Risk – at any stage of our careers – is more a function of behaviour than circumstance. It increases or diminishes as a result of your approach to life, less so as a consequence of chance. Great personal risk managers aren’t simply great gamblers; they are people who approach life intelligently, pragmatically, and unforcefully.
The Logic Filter is a private, independent business, founded by
Louis and Niel Fourie in 2007.
Its core offering is life mentorship to young professional people.
Its flagship product is the Regarding your Life program, which consists of eight full-day sessions, spread over a year, typically attended by a group of around five to seven people from the same company, professional sphere or social domain.
The Regarding your Life program forms a central part of the executive management development process in many leading South African companies, and is used by many independent young entrepreneurs and professionals as a self-investment intervention.
Passion does not always need to equate to a light-bulb moment, a narrowly-defined activity, or a distinctive field of interest. You wouldn’t be successful at 38 if you hadn’t practised some form of passion in the build-up to this point of your career. Instead of only wrestling with the question of ‘where or what’ your passion is, give yourself the space to contemplate the following few questions instead:
1. Define your quest well: Be specific about the problem you want to solve or opportunity you pursue.
2. Introduce objectivity: Delink yourself from the issue to neutralise your own pre-conceived ideas and sentiments.
Thriftiness is often interpreted as an extreme savings bias, but we suggest you rather view frugality as healthy prudence in avoiding any form of waste.
Be open to advice, but keep in mind that you cannot outsource your life, not even to ‘experts’. No one is or should be seen as infallible, however admired, no opinion as flawless. Everyone has biases and blind spots, however subtle they may be.
Economic disparity has indeed become the most dominant socio-economic story of our day. So much so, that every labour dispute, political demonstration and ideological quarrel is in some way branded as symptoms of either the income or wealth gap.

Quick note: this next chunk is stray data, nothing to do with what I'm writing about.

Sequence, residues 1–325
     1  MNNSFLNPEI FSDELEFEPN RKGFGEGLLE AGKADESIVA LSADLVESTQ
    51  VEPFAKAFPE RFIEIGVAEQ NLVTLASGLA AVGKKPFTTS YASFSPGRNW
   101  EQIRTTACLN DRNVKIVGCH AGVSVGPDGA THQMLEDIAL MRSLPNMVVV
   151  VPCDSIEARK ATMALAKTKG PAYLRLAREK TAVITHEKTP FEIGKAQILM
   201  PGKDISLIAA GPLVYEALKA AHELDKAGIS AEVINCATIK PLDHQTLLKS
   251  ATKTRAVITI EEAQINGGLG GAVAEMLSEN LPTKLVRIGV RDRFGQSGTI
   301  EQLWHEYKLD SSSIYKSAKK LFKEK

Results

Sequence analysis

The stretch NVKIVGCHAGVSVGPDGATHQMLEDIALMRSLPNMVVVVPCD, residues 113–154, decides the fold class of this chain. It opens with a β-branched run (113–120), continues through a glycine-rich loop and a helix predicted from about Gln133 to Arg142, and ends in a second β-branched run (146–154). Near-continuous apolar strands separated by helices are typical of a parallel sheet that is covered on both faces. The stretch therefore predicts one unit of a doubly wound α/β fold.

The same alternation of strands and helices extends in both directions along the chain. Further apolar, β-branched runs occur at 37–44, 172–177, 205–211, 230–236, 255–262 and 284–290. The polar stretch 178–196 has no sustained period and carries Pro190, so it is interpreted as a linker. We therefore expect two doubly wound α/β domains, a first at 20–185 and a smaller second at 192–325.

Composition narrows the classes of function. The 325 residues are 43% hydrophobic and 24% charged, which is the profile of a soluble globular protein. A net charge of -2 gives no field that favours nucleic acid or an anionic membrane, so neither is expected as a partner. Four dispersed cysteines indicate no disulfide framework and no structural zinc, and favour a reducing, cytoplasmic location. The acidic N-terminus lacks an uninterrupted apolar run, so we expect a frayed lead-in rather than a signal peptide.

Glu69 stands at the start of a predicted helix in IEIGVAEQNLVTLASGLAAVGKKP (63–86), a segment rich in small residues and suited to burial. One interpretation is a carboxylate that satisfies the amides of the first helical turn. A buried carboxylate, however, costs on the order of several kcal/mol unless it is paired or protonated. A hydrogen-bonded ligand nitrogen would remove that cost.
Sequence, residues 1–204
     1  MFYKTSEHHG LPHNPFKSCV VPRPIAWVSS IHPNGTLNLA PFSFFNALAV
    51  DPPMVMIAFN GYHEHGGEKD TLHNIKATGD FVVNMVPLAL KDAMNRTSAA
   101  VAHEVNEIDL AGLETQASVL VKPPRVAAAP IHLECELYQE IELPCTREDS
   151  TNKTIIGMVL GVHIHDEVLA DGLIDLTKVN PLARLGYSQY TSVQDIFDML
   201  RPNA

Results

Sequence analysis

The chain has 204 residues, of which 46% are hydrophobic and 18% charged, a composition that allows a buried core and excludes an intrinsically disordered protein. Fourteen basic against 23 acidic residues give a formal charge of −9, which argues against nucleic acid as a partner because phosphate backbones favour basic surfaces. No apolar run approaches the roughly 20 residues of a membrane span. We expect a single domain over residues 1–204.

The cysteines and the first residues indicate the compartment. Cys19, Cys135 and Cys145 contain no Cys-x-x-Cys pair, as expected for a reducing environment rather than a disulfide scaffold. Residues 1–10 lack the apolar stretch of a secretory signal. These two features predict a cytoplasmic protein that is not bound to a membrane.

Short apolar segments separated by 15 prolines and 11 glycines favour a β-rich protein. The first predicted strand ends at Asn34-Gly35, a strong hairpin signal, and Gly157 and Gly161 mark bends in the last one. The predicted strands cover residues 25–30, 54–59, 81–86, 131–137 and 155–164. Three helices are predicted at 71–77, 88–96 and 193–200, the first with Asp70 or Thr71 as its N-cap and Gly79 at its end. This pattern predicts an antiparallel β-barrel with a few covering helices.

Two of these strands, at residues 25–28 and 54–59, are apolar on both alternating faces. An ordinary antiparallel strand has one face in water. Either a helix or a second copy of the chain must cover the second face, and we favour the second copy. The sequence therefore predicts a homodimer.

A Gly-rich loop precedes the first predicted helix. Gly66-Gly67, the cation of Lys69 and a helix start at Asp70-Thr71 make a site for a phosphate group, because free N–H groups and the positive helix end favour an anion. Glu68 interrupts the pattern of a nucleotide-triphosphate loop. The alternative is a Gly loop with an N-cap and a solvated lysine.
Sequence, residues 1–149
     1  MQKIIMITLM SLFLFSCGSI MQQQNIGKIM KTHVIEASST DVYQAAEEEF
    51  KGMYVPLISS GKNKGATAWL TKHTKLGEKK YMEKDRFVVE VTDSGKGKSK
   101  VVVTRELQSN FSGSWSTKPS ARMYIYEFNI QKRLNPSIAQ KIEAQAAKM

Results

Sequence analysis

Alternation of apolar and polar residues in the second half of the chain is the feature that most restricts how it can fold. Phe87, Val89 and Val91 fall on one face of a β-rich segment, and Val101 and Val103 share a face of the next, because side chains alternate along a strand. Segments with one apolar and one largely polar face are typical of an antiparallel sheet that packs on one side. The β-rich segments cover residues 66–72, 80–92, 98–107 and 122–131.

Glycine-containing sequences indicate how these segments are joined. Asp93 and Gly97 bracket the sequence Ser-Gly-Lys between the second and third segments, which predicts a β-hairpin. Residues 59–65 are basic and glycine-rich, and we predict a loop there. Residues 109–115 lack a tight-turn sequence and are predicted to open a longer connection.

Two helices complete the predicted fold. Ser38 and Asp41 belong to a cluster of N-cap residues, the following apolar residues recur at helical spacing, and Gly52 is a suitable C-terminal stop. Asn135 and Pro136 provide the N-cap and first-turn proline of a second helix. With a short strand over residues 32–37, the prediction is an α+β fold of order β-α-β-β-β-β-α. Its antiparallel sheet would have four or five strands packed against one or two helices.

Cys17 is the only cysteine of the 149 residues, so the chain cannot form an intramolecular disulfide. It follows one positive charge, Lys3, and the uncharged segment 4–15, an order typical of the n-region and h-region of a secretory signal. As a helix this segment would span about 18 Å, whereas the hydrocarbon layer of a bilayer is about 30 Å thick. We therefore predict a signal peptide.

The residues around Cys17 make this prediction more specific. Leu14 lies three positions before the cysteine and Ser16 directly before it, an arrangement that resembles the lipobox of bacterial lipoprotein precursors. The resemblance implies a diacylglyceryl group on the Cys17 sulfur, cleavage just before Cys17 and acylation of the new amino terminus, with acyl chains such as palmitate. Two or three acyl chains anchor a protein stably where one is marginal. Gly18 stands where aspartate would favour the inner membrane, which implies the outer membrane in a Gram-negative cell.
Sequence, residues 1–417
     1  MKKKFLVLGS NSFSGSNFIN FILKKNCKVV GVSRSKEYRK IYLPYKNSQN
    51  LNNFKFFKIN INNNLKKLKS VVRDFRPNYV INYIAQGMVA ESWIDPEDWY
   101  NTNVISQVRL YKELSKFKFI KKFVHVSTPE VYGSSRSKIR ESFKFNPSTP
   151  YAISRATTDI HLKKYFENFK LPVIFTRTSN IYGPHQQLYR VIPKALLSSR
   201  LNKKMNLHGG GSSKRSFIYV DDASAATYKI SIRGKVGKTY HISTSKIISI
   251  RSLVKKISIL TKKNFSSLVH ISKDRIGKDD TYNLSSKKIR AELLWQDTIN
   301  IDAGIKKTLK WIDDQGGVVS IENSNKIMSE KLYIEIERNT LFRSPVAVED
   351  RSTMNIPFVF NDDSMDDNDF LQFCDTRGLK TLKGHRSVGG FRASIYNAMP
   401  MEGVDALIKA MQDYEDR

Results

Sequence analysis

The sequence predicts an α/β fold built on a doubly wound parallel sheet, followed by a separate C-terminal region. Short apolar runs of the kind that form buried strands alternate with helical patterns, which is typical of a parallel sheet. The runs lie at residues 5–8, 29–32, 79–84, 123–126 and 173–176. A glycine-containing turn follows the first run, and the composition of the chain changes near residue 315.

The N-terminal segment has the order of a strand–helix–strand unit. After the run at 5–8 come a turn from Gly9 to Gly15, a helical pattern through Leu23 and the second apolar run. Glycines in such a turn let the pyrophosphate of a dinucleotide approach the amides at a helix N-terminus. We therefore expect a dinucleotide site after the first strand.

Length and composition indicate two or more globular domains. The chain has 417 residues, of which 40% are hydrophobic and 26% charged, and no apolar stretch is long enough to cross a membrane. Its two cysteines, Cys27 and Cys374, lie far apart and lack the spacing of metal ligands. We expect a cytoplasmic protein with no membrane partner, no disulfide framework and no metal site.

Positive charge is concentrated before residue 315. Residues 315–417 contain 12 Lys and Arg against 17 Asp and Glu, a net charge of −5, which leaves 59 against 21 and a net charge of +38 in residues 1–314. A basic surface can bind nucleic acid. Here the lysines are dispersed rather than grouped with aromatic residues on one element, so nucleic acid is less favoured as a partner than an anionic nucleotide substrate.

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Ideally, no. An enduring agreement relies on both parties ending up in a better position than they had been in before they started talking. Entering any negotiation with the mindset of “beating your opponent” sets a toxic precedent for future engagements.
Generosity is a wonderful character trait and has, over millennia, played a big role in making the world a better place. Unfortunately, the business of charity is also renowned for its inefficiencies, the debatable motives of many of the sponsors, and frequent abuse of good will.
“Life is simple for those who don’t insist on making it complicated.”
(Interpretation: Don’t underestimate the impact of your own viewpoints and choices on the quality of your life experience)
The inadequacies of wealth are related to the hands that hold it and expectations that misjudge its reach.
A first point: Purchasing power is a privilege and affords us choice, but people instinctively tend to imagine wealth as a door to an ever-increasing cycle of pleasure and carefreeness. The truth is that the effect of acquirable delights peaks sooner than we imagine.
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